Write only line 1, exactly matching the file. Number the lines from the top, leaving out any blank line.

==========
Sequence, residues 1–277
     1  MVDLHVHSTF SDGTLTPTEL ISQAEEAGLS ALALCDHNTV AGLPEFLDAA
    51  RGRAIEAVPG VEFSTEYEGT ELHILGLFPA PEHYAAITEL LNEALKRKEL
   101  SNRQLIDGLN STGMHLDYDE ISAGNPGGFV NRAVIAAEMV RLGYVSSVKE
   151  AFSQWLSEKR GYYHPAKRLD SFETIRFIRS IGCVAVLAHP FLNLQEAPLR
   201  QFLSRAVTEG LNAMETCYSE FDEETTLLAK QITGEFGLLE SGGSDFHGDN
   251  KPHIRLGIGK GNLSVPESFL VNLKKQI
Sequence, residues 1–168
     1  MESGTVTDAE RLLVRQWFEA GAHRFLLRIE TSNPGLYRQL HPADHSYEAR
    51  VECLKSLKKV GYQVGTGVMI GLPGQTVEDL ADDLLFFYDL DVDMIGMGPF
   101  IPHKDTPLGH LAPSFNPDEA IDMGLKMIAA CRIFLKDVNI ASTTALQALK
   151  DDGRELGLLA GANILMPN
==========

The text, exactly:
Sequence, residues 1–277